Levels of EV Chargers

The first, and also most important, thing to consider when figuring out how long you need to charge your Tesla is the charging system. The charging system determines your kilowatts, which is to say that it determines the speed at which energy is transferred to your Tesla.

The more kilowatts a charging system uses, the faster your Tesla will charge. There are 3 levels of electric vehicle charging systems. These levels are divided by their voltage ratings.

Level 1

Level 1 EV charging is charging your vehicle with a standard 120V outlet, which is what a basic electrical outlet around your house is. Level 1 EV charging (120V) is the slowest form of charging. It generally only provides 2 to 4 miles of driving for every hour of charge.

A 120V outlet at your house is AC. Thus the onboard charger will come into play to convert this to DC. If your Tesla has the 11.5 kW 48 amp onboard charger, then plugging it into a 120V outlet only allows a charge of around 5.8 kW. At that rate filling, a 100 kWh battery will take at least 17 hours.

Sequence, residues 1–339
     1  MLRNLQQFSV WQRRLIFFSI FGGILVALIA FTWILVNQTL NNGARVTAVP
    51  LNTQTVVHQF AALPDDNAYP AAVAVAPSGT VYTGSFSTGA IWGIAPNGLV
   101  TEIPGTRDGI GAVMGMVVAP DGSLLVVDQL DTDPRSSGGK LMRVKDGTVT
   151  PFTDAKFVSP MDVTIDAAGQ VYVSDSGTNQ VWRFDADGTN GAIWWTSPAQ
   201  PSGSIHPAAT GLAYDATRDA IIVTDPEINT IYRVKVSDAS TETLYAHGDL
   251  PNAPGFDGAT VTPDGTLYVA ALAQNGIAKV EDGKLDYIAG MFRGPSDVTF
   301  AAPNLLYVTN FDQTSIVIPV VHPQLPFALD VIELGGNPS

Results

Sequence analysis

Except there is a problem. 48 amps are how much your onboard charger can handle, but that does not necessarily mean that is what your outlet is giving. A 120V outlet probably only has 15 amps. Knowing that your Tesla’s charging rate decrease to 1.8kW. Filling a 100kWh battery will take around 55 hours.

These numbers come from an ideal setting in which things such as temperature and efficiency do not also reduce charging time. In addition, Teslas charge more slowly as they reach capacity in order to protect the battery. The result is that using a Level 1 charging system to charge your Tesla will take several days for a full charge.

Why Level 1?

If Level 1 takes so long, why does anyone use it? Firstly, Level 1 does not require any special equipment other than an adapter which allows you to plug your vehicle into a normal outlet, and since all Tesla’s come with a free adapter, Level 1 is free charging.